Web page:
Job Search Tips

How to Get Good Professional References

plan-job-references
Written by Peter Jones

Asking for a reference can be a subtle art form, but it’s a necessary thing to learn how to do, and do well. You’ll want to put a good deal of thought into who you choose, as you will need to get their consent before giving out their name.

Here are a few tips for how to plan for the perfect reference.

1. Go Pro

It may be tempting to pick a pal over a professional contact, but it’s not going to serve you half as well. Go for someone familiar with your work and experience. And when you’re asked for a personal reference, make sure to choose someone who isn’t too personal. Think of it as a character reference, and err on the side of professionals over pals.

2. Tailor to the Position

Don’t just ask the same people or person for every reference. Think hard about the position you’re applying to and what skills your potential reference would ideally be able to speak to on your behalf. Go specific over generic. And, when possible, give the contact information of the hiring manager directly to your referrer. That avoids the bland “to whom it may concern” opening to their letter.

3. Develop a Range

Come up with 3-5 referrers who can be asked for different positions and can speak to different strengths of yours. Get their permission and have them lined up and ready to go when you need to deploy them.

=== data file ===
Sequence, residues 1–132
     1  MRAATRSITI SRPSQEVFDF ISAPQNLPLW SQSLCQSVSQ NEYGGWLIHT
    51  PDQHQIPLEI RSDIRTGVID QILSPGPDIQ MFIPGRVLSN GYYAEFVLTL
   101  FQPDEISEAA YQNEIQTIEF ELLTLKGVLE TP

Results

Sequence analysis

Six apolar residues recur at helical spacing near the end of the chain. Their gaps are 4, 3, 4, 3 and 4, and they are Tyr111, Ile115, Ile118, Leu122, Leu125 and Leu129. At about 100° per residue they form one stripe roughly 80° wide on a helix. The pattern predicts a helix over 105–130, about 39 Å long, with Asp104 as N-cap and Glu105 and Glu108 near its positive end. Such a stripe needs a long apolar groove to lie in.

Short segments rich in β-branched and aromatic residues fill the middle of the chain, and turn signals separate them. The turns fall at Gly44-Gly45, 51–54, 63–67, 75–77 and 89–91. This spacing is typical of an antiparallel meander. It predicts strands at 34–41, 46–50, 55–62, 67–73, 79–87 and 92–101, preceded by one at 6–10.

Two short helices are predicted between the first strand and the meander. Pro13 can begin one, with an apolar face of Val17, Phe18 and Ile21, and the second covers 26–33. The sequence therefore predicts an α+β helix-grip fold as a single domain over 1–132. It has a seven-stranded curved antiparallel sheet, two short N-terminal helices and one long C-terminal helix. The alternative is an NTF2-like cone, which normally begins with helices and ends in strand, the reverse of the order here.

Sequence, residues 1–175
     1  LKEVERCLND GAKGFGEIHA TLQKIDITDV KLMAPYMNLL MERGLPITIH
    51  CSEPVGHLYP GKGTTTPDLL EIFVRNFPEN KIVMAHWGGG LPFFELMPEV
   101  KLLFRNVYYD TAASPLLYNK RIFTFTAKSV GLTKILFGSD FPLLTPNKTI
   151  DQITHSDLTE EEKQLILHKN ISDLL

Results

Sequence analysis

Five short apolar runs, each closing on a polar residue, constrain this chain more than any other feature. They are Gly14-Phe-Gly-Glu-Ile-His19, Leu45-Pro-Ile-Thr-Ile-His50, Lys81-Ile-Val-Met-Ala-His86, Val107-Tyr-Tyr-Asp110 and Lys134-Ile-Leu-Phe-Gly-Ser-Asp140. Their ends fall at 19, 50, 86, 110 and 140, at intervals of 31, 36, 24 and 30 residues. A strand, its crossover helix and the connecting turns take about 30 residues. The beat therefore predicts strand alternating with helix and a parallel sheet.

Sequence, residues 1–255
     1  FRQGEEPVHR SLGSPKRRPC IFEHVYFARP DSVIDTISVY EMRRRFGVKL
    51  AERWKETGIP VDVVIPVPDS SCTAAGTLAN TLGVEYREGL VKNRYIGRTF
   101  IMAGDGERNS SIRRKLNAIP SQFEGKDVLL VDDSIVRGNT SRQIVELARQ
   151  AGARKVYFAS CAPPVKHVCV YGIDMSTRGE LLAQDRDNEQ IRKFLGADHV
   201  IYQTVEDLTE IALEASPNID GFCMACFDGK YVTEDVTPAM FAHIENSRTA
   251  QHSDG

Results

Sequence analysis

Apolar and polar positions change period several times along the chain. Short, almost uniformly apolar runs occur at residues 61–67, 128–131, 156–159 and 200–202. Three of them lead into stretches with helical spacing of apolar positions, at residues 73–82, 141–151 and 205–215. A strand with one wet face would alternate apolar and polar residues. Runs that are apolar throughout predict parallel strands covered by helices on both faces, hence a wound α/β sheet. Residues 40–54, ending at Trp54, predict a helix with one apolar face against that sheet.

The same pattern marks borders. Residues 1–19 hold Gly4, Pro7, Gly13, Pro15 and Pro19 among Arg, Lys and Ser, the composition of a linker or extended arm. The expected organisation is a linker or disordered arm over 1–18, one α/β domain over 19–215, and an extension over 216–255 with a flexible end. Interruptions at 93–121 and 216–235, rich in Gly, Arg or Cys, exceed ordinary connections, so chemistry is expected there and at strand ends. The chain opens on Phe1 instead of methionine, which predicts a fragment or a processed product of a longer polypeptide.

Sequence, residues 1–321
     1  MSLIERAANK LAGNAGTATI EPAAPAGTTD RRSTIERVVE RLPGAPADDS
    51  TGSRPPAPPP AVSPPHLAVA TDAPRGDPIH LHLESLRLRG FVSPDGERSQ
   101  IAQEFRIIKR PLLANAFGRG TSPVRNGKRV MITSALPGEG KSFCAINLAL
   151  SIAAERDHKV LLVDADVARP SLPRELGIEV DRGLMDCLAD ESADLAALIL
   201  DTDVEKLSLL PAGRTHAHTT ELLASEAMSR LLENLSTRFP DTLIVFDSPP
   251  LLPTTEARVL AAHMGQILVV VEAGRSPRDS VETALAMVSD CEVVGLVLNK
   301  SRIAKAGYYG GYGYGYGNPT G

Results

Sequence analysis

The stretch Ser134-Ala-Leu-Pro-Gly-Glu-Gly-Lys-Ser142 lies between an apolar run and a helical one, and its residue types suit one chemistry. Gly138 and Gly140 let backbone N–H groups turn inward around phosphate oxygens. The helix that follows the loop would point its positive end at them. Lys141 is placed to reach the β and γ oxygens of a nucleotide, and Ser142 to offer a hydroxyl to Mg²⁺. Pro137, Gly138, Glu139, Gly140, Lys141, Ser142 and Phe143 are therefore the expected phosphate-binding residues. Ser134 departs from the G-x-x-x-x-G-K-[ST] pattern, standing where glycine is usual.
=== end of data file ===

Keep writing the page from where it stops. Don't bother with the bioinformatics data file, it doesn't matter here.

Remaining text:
4. Get Their Details

You’ll want a name, business address, phone number, email, current title, company name, and preferred method of contact notated somewhere for each of your references. Leave them off your resume, but you might be asked for these in an interview or application situation, so have them ready. Try to keep their communication preferences straight as well.

5. Inform Them Throughout the Process

Keep your referrers in the loop. Let them know what jobs you’re applying to, send them the description, give them names of anyone who might be contacting them on your behalf. Coach them a bit, if you can, on what the hiring manager is looking for. And don’t forget to thank them each and every time they recommend you somewhere.

6. Ask in Person

It may be tempting to ask over email, but resist the temptation! A more personal ask is called for when you’re asking someone to do you a massive professional favor. Pick up the phone and call—or better yet, take them out for coffee. Keep the relationship strong and don’t assume you’re owed anything. Keep your referrers sweet!

7. Send your Resume

It will often be extremely helpful for you referrers to see a copy of your resume. Who knows? They might end up being even more impressed with you than they were before when they agreed to recommend you.

8. Know What They’ll Say

When in doubt, don’t ask anyone who you’re not sure will go to bat for you. You want to be more or less certain what your referrers are going to say about you, your skills, and your experience. If there’s any doubt, either have a conversation about it, or ask someone you feel more secure about.

 

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